- 2007: Fall2007: Fall
- Convocation Address: Living Up to the Enlightenment
- Feature: The Dirtiest Game
- Feature: An Unlikely Love Affair
- Feature: Chasing the Solana
- College Row
- From the Folger
- My Life: Constance Congdon
- Sports: Bottling Energy
- Amherst Creates
- What They Are Reading
- Profiles in Philanthropy
A compilation of recent remarks made at Amherst.
“When judges overstep their role and interpret the Constitution broadly or stretch the meaning of statutes to favor policy outcomes, they act outside of the very laws that they must uphold.”
Chief Judge John Mercer Walker Jr. of the Second Federal Circuit Court in New York, in a talk on whether judges themselves can violate the Constitution. Part of the Colloquium on the American Founding.
Sept. 29, 2007, Lewis-Sebring Dining Commons.
“My explanation is not that they were soft on issues of public safety, but that they were overwhelmed by nationalism.”
Michael Marrus, the Chancellor Rose and Ray Wolfe Professor Emeritus of Holocaust Studies at the University of Toronto, on a Parisian jury’s 1926 acquittal of Scholom Schwartzbard in the shooting of Symon Petlura in retaliation for Petlura’s role in Ukraine’s anti-Semitic pogroms. Schwartzbard had turned himself in for the crime, but his lawyer presented him as a hero upholding French notions of justice.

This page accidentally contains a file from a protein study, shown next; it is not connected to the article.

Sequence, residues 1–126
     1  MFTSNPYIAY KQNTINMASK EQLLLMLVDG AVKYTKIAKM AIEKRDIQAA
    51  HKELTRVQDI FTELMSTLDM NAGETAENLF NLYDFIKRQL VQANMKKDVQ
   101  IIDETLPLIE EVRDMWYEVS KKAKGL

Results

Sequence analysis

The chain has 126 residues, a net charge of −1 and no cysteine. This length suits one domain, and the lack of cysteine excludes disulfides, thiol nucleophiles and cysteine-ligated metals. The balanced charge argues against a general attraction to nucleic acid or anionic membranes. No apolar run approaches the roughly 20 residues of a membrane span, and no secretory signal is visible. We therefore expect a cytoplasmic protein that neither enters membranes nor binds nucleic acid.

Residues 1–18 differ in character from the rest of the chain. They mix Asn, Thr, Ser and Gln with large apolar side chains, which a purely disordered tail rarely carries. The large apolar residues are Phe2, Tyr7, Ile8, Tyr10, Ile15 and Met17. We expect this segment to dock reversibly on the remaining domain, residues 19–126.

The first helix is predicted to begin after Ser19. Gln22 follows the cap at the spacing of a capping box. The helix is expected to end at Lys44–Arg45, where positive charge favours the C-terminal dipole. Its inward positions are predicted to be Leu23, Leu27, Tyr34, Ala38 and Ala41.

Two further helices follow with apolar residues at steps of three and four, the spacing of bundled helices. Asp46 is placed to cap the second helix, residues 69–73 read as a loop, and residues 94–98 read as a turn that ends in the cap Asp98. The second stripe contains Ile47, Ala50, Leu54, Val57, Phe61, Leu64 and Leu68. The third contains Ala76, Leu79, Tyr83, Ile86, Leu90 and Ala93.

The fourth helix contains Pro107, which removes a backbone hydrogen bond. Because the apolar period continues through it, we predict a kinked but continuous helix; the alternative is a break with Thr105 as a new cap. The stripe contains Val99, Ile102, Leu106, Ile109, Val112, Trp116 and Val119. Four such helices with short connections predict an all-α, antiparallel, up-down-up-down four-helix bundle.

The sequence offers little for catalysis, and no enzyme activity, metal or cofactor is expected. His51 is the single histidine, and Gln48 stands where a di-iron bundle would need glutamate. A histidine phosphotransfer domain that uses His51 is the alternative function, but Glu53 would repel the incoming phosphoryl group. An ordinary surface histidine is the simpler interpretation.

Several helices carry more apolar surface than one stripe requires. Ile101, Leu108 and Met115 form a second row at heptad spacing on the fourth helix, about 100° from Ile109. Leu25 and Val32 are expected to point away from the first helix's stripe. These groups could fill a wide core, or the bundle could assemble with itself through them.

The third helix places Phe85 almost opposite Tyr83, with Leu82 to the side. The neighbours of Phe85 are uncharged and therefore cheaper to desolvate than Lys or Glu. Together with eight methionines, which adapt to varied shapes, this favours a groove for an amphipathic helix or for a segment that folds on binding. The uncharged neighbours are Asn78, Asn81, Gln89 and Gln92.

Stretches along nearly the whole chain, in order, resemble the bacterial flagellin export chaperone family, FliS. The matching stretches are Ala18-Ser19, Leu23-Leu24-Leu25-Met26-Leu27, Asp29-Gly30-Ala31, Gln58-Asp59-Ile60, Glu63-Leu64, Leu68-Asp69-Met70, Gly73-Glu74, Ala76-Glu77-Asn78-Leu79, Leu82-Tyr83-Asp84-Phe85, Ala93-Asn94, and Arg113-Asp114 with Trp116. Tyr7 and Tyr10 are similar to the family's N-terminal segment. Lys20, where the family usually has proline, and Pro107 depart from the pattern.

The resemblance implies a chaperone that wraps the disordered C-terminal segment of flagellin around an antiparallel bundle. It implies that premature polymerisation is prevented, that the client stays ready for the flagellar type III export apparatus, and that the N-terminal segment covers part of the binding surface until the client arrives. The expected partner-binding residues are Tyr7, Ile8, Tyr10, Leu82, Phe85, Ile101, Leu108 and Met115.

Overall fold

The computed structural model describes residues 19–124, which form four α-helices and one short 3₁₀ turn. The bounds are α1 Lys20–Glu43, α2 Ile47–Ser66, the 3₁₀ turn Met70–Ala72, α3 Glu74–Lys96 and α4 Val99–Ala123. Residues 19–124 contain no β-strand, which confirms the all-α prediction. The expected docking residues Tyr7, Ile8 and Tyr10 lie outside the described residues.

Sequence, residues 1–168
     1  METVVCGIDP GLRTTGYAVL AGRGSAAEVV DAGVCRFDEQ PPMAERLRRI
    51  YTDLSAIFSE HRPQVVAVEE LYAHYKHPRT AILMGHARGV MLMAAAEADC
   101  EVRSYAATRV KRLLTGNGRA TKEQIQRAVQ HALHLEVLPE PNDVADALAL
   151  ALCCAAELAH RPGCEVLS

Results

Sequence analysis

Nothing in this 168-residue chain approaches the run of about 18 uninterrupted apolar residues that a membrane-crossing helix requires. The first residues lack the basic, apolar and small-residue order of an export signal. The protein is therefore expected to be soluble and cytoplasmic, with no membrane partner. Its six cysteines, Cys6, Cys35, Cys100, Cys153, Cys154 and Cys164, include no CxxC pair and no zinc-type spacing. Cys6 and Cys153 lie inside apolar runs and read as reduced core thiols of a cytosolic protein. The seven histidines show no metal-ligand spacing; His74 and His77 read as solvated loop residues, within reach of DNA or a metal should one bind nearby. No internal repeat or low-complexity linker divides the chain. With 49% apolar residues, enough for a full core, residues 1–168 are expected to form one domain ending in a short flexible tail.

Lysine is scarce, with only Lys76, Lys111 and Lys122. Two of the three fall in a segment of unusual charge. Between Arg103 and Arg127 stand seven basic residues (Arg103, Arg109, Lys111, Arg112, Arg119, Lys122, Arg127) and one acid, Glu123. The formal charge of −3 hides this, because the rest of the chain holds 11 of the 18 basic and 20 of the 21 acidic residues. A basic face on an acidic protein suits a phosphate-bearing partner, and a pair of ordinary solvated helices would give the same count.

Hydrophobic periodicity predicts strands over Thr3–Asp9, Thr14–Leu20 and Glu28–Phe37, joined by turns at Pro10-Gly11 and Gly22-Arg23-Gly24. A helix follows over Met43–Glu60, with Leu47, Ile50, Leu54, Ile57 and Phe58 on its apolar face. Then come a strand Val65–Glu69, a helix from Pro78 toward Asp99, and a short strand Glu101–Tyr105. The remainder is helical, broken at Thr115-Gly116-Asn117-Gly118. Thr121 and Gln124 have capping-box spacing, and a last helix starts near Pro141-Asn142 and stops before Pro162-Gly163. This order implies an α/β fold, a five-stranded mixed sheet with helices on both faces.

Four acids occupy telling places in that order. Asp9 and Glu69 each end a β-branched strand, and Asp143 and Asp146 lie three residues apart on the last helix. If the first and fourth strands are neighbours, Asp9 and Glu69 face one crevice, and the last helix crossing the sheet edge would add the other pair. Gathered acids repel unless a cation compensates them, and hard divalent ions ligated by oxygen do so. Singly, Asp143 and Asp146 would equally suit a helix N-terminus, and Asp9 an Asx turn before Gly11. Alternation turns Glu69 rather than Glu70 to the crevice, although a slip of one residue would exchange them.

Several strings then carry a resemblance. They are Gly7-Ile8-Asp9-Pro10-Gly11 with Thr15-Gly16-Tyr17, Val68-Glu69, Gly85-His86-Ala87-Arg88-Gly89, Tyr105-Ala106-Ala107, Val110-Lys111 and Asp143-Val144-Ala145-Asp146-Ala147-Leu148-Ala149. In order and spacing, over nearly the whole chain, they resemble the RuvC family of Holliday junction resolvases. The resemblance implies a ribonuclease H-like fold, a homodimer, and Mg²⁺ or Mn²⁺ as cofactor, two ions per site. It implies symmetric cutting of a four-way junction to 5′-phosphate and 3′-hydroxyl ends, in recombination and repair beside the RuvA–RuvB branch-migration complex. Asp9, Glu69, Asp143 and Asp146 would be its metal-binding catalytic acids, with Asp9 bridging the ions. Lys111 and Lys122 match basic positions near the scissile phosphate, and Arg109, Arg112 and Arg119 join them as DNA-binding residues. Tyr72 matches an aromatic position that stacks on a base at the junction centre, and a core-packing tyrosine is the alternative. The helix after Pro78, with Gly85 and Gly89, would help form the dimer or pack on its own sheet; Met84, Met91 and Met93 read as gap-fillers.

Oct. 16, 2007, Pruyne Lecture Hall.
“A regional deal to stabilize conditions almost necessarily implies the need to negotiate with Iran and to recognize the extent to which they’re holding the winning hand. We’re going to have to make concessions to Iran. (We can argue about what those concessions are going to be.) They’re not going to play nice with us unless they get something in return.”
Retired U.S. Army Col. Andrew Bacevich, professor of international relations at Boston University, whose son was killed in Iraq this year, discussing the war in Iraq and the surrounding region.
Oct. 4, 2007, Cole Assembly Room.
“We were going in for one of [our son’s] early conferences, and the teacher said, ‘Well, we’re having a problem with Andrew reading aloud. … We’re really encouraging him, at the end of every sentence, to take a breath, and at the end of every paragraph, to take a longer breath.’ And I was like, ‘Yeah, well, Iwonderwherehegetsthatfrom.’ ”
Associate Professor of Psychology Catherine Sanderson, a notoriously fast talker, in a Homecoming weekend discussion of her new book, Slow and Steady Parenting.
Oct. 19, 2007, Cole Assembly Room.